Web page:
(c) Both A and R are correct
(d) A is correct and R is the correct explanation of A
Answer:
(c) Both A and R are correct

Question 4.
Assertion (A): Money lending had been practised since time immemorial. Earlier the lenders lent at their own risk.
Reason (R): But the British enacted a law allowing them to attach land or property in default of repayment.
(a) Both A and R is correct and R is the correct explanation for A
(b) Both A and R is correct and R is not the correct explanation for A
(c) A is correct and R is wrong .
(d) A is wrong and R is correct
Answer:
(a) Both A and R is correct and R is the correct explanation for A

V. Answer all questions given under each heading.

Question 1.
Colonialism in Indonesia
(a) Who had occupied Java and Sumatra?
Answer:
The Dutch had occupied Java and Sumatra.

(b) Were the Dutch interested in politics?
Answer:
No, they weren’t interested in politics.

(c) What was the focus of the Dutch on Indonesia?
Answer:
They focussed on exploiting Indonesia ruthlessly.

(d) How did they improve Indonesia from the beginning of 19th century?
Answer:
They adopted measures for the social and economic advancement of the people

Samacheer Kalvi 9th Social Science History Solutions Chapter 11 Colonialism in Asia and Africa

Question 2.
Indentured Labour
(a) What was Indentured labour system?
Answer:
It was a form of debt bondage, a penal contract system.

(b) How many Indians were transported under this system?
Answer:
3.5 million Indians were transported to various British colonies to provide labour for the plantations.

(c) In which year was it started?
Answer:
It was started in 1843.

(d) What was its result?
Answer:
It resulted in the development of a large Indian diaspora, which spread from the Indian Ocean to Pacific Ocean, as well as contributing to the growth of Indo-Caribbean and Indo-African population.

VI. Answer the following briefly.

Question 1.
How did Europe justify their colonisation?
Answer:
In world history, no continent possessed so many colonies and justified their access to the world by means of a civilising mission as did modem Europe. Practically the whole non- Westem world was under one European power or the other for about four centuries until decolonisation happened after World War II.

Question 2.
Comment on Albuquerque, the Portuguese soldier.
Answer:
Albuquerque, the Portuguese soldier who conquered Goa and Malacca, and his successors’ were interested in the spice trade. Towards this end they built a chain of fortified trading stations linked by naval power. Initially, they did not interfere with the native rulers.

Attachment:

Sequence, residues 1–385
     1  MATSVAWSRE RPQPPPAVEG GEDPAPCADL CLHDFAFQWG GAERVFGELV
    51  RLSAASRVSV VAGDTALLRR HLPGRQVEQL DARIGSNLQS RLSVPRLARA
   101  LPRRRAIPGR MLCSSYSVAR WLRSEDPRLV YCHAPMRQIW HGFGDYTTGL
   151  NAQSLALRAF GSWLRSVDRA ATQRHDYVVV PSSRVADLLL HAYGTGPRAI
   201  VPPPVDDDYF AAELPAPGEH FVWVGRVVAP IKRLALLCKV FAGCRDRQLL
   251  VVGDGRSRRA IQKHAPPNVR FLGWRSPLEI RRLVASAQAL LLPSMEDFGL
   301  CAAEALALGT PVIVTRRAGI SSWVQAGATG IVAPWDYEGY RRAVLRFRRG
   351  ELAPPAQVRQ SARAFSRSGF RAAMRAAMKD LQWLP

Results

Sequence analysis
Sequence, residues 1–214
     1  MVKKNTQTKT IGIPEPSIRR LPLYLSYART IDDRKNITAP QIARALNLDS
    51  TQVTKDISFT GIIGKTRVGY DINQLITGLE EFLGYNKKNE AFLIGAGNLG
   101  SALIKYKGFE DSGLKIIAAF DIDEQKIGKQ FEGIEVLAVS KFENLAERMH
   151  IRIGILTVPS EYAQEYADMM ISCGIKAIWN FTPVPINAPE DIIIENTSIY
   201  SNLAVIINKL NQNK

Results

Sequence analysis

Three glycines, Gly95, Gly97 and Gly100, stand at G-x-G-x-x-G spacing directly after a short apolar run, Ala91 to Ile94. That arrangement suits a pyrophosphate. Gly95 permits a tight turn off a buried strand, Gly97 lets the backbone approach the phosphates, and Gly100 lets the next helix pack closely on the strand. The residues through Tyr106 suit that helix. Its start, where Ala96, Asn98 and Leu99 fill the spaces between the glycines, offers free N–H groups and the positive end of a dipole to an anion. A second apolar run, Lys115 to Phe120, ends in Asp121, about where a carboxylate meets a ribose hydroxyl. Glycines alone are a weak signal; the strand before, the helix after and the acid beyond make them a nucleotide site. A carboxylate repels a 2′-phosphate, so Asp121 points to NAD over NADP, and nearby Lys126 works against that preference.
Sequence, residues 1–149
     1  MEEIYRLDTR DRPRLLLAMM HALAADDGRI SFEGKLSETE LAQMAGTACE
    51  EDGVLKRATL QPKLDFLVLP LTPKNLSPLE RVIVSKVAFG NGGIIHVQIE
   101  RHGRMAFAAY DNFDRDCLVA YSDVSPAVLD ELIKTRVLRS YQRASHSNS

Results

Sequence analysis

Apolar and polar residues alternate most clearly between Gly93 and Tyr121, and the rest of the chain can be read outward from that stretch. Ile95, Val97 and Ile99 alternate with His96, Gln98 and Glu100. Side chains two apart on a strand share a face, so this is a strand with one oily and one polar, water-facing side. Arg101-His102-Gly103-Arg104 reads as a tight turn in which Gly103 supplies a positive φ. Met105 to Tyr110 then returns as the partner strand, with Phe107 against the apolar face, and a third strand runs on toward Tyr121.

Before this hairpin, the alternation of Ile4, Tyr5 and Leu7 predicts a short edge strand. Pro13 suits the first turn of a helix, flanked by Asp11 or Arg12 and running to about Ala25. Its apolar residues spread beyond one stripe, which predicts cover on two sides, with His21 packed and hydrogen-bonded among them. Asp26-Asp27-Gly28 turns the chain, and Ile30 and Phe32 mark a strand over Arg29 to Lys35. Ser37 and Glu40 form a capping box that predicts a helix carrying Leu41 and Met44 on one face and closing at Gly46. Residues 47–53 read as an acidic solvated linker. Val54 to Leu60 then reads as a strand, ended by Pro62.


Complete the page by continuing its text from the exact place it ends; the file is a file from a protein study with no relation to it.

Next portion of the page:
Question 3.
Write a short note on “Malay Settlements”.
Answer:
Between 1874 and 1895 there was a civil war between the remaining five Malay States. The British intervened and signed an agreement with each of the sultans. British Residents were appointed to the courts of sultans, who had to act in accordance with the advice given by the Residents. In 1896 four of the states were formed into the Federated Malay States. In 1900 there were the Straits Settlements, the four Federated Malay States and Johore. The population was about a million, of whom, half were Malay and the remainder were Chinese. Most of the merchants, planters and workers in the ports and big plantations were Chinese. Economically Malaya was prosperous.

Question 4.
Give a short account of Burma.
Answer:
The British conquered Burma after fighting three wars. Burma remained part of India from 1886 to 1937. Burma was administered by a Lieutenant Governor with the assistance of a nominated Legislative Council. Burma teak was shipped overseas. In addition, Burma with its rich soil became a big exporter of rice and most of south India was dependent on Burmese rice. During World War II when Burma fell to the Japanese, south India experienced acute scarcity of rice leading to a famine.

Question 5.
Who ruled the Phillippines?
Answer:
Spain ruled the Philippines for over 300 years, imposing its language, culture and religion. Consequently the population became predominantly Roman Catholic. Nationalism developed among the Filipinos during the latter part of the nineteenth century. There were two serious revolts in 1872 and 1896, which were crushed by the Spanish colonial government. In 1898, however, Spain was defeated by the United States in a war over Cuba, and as a result Philippines became an American colony.

Question 6.
What do you know about the Congo River basin?
Answer:
The Berlin Conference of 1884 – 85, also known as the Congo Conference or West Africa Conference, met to decide all issues connected with the Congo River basin in Central Africa. The conference proposed by Portugal to discuss its claim to control the Congo river basin was rejected. The general act of the Conference of Berlin declared the Congo River basin to be neutral and guaranteed freedom for trade and shipping for all states in the basin.